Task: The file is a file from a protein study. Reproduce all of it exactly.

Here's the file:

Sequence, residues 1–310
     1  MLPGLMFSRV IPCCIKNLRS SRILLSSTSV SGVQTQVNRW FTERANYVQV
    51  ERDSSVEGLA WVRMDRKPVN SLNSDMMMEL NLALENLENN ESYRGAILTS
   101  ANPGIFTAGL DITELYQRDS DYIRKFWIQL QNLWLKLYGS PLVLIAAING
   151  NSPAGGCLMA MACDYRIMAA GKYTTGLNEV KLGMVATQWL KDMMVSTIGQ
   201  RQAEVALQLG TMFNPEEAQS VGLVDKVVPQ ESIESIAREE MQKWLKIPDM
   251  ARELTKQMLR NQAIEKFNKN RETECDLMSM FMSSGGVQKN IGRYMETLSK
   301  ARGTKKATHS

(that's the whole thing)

Sequence, residues 1–310
     1  MLPGLMFSRV IPCCIKNLRS SRILLSSTSV SGVQTQVNRW FTERANYVQV
    51  ERDSSVEGLA WVRMDRKPVN SLNSDMMMEL NLALENLENN ESYRGAILTS
   101  ANPGIFTAGL DITELYQRDS DYIRKFWIQL QNLWLKLYGS PLVLIAAING
   151  NSPAGGCLMA MACDYRIMAA GKYTTGLNEV KLGMVATQWL KDMMVSTIGQ
   201  RQAEVALQLG TMFNPEEAQS VGLVDKVVPQ ESIESIAREE MQKWLKIPDM
   251  ARELTKQMLR NQAIEKFNKN RETECDLMSM FMSSGGVQKN IGRYMETLSK
   301  ARGTKKATHS